The Resurgence of Parallelism

There’s an article in the CACM trying to restore historical context to research in parallel computation: The Resurgence of Parallelism. (One of) the answer(s), it seems, is functional programming:

Parallelism is not new; the realization that it is essential for continued progress in high-performance computing is. Parallelism is not yet a paradigm, but may become so if enough people adopt it as the standard practice and standard way of thinking about computation.

The new era of research in parallel processing can benefit from the results of the extensive research in the 1960s and 1970s, avoiding rediscovery of ideas already documented in the literature: shared memory multiprocessing, determinacy, functional programming, and virtual memory.

Via LtU.

Nested functions in GCC

GCC supports “nested functions” using the -fnested-functions flag. When I first saw this, I was excited: closures in C! In the famous words of Admiral Ackbar, “it’s a trap!”

#include 

typedef int (*fptr)(int);

fptr f(int arg) {
  int nested_function(int nested_arg) {
    return arg + nested_arg;
  }

  return &nested_function;
}

void smash(int arg) {
  return;
}

int main(void) {
  fptr g = f(10);
  printf("%d\n", (*g)(5));
  smash(12);
  // printf("%d\n", (*g)(5));
  fptr h = f(12);
  printf("%d\n", (*g)(5));
  printf("%d\n", (*h)(5));

  return 0;
}

Try compiling (gcc -fnested-functions). What does the second call to g produce—15 or 17? Try uncommenting line 21. What happens? Does commenting out line 20 affect this? What if line 19 is commented out, but lines 20 and 21 are uncommented?

I’m not sure this feature is worth it.

Contracts Made Manifest: final version

We’ve sent off the final version of Contracts Made Manifest. There have been quite a few improvements since submission, the most important of which is captured by Figure 1 from our paper:

The axis of blame

Our submission only addressed lax λC, where we had an inexact translation φ into λH and an exact translation ψ out of λH. We show a dual situation for picky λC, where φ is exact and ψ is inexact. Intuitively, languages farther to the right on the “axis of blame” are pickier. Translating from right to left preserves behavior exactly, but left-to-right translations generate terms that can blame more than their pre-images. (There are examples in the paper.) I should note that lax and picky λC seem to be the extremes of the axis of blame: I don’t see a natural way to be laxer than lax λC or pickier than picky λC.

We also show that restricting these calculi to first-order dependency leaves them exactly equivalent; before, we could only show an exact equivalence by eliminating all dependency.

Locally installing LLVM with Ocaml bindings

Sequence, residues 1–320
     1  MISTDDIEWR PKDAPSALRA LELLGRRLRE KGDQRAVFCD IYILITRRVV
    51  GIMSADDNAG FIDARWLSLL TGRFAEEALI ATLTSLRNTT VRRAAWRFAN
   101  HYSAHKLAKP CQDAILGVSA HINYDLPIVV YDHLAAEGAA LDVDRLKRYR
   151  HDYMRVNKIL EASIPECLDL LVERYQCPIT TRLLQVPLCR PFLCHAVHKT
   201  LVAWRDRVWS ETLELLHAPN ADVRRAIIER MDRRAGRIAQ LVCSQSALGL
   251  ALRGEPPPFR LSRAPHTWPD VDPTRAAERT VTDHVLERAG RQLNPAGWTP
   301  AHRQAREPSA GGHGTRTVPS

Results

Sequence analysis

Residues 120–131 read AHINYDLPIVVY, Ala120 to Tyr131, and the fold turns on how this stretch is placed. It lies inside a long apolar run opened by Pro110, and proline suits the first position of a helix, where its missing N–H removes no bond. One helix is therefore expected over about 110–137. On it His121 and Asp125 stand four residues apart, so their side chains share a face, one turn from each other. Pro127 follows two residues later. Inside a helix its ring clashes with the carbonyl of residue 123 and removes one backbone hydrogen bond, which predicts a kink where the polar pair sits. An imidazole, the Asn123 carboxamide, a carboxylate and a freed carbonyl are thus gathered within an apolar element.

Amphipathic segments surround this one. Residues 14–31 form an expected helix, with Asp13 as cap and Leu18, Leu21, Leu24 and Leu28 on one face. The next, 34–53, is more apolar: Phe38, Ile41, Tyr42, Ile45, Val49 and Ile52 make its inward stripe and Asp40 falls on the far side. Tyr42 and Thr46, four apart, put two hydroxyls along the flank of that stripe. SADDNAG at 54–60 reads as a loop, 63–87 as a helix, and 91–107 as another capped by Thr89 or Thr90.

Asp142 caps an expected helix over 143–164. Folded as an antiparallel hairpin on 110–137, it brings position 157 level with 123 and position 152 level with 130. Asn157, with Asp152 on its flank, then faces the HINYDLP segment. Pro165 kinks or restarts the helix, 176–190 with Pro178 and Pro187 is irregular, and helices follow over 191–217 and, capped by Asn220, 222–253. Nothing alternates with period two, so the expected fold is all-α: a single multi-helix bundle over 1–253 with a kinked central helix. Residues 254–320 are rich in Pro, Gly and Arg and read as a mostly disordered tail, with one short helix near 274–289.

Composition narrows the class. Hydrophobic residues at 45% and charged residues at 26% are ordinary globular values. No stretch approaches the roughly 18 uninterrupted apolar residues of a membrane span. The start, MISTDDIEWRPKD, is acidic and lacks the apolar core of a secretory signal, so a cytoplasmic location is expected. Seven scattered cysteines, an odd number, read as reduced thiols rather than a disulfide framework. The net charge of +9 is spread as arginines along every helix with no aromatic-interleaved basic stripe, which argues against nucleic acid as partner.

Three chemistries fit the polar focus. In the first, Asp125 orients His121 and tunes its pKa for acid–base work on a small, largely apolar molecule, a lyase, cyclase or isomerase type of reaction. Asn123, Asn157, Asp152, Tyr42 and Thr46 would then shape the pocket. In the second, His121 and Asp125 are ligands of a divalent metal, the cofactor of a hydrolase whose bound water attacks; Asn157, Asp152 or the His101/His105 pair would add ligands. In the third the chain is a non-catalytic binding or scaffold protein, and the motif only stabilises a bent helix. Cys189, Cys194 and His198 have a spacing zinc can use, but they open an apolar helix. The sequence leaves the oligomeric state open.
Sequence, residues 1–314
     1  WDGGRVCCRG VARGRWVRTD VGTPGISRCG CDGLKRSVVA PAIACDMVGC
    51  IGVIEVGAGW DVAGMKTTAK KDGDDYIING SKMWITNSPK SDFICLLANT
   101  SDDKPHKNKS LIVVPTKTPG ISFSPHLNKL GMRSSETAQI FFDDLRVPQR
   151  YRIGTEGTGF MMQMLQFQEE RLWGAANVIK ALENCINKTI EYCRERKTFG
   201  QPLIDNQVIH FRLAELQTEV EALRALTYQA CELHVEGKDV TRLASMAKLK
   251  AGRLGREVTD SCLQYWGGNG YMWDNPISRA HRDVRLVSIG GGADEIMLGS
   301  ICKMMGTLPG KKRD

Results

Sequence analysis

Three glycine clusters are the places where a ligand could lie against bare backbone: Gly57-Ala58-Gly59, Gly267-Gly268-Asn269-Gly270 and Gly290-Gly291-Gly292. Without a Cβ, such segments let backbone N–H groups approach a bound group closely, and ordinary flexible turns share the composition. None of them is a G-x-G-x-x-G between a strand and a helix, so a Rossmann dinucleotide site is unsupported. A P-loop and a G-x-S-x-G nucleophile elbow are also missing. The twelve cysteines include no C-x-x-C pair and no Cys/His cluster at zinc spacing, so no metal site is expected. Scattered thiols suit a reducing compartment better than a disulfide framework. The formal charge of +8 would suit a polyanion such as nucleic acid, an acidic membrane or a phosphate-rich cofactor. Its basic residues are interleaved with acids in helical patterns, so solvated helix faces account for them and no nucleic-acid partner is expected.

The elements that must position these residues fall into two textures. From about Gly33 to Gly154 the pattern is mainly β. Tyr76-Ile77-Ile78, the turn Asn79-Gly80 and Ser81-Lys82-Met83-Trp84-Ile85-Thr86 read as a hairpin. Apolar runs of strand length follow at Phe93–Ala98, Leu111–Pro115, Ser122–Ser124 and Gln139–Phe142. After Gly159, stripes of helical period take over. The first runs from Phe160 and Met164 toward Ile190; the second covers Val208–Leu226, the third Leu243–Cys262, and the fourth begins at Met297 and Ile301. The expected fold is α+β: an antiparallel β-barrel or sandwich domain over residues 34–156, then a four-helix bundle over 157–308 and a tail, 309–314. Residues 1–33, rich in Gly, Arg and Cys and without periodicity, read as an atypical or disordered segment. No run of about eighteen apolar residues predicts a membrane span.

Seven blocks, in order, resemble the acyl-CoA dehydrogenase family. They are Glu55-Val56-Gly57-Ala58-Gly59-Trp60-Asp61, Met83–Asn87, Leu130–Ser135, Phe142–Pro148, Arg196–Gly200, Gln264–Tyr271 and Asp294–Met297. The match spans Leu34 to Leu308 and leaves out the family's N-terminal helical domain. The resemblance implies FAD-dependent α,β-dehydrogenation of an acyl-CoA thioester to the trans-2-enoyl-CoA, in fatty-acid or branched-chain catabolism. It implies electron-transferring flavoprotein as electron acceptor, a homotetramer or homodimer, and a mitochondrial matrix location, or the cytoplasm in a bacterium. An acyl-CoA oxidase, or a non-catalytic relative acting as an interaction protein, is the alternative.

We can’t install software into the /usr tree at my office, so I end up having local installs of lots of software. Some things, like GODI, play well with this. I had some trouble finding the right way to get LLVM‘s Ocaml bindings to work, so I figured I’d share the wealth. The following instructions will put an install into the directory $PREFIX/llvm-install.

Here are the steps; they’re followed by a plain English explanation.

cd $PREFIX
svn co http://llvm.org/svn/llvm-project/llvm/trunk llvm
wget http://llvm.org/releases/2.5/llvm-gcc4.2-2.5-x86-linux-RHEL4.tar.gz
tar xzf llvm-gcc4.2-2.5-x86-linux-RHEL4.tar.gz
mkdir llvm-objects llvm-install
cd llvm-objects
../llvm/configure --with-llvmgccdir=$PREFIX/llvm-gcc4.2-2.5-x86-linux-RHEL4 --enable-optimized --enable-jit --prefix=$PREFIX/llvm-install --with-ocaml-libdir=$GODI_PATH/lib/ocaml/std-lib
make
make install

My PREFIX is my home directory, and GODI_PATH = ~/godi. First, we checkout the latest LLVM from SVN (step 2). Then we download and extract the latest release (2.5, as of writing) of LLVM-gcc (steps 3 and 4). (I couldn’t get the SVN version of LLVM-gcc to work with the SVN version of LLVM.) Notably, LLVM does not support in-place builds, so we create the llvm-objects directory to actually build LLVM; we’ll install it into llvm-install (step 5). We configure the software from the llvm-objects directory (steps 6 and 7). The long configure is necessary; the only optional item is --enable-jit. You may have to adjust your --with-ocaml-libdir to point to wherever your Ocaml libraries live. Then make and make install (steps 8 and 9). Voila!

To test it out, we can use the “Hello, World!” program written by Gordon Henrikson. I had to change it a little to bring it up to date with the latest APIs (in particular, the global context had to be added). You can download it as llvm_test.ml.

open Printf
open Llvm

let main filename =
   let c = create_context () in

   let i8_t  = i8_type c in
   let i32_t = i32_type c in

   let m = create_module c filename in

   (* @greeting = global [14 x i8] c"Hello, world!\00" *)
   let greeting =
     define_global "greeting" (const_string c "Hello, world!\000") m in

   (* declare i32 @puts(i8* ) *)
   let puts =
     declare_function "puts"
       (function_type i32_t [|pointer_type i8_t|]) m in

   (* define i32 @main() { entry: *)
   let main = define_function "main" (function_type i32_t [| |]) m in
   let at_entry = builder_at_end c (entry_block main) in

   (* %tmp = getelementptr [14 x i8]* @greeting, i32 0, i32 0 *)
   let zero = const_int i32_t 0 in
   let str = build_gep greeting [| zero; zero |] "tmp" at_entry in

   (* call i32 @puts( i8* %tmp ) *)
   ignore (build_call puts [| str |] "" at_entry);

   (* ret void *)
   ignore (build_ret (const_null i32_t) at_entry);

   (* write the module to a file *)
   if not (Llvm_bitwriter.write_bitcode_file m filename) then exit 1;
   dispose_module m

let () = match Sys.argv with
  | [|_; filename|] -> main filename
  | _ -> main "a.out"

Now we can compile:

ocamlopt -cc g++ llvm.cmxa llvm_bitwriter.cmxa llvm_test.ml -o llvm_test
./llvm_test hello.bc # generates bitcode
$PREFIX/llvm-install/bin/llvm-dis hello.bc # disassembles bitcode into hello.ll
$PREFIX/llvm-install/bin/lli hello.bc # outputs "Hello, world!"

If interpretation via lli isn’t your bag, you can also compile to native code:

$PREFIX/llvm-install/bin/llc hello.bc # generates assembly, hello.s
gcc -o hello hello.s
./hello # outputs "Hello, world!"

Flapjax: A Programming Language for Ajax Applications

I am immensely pleased to report that our paper on Flapjax was accepted to OOPSLA 2009.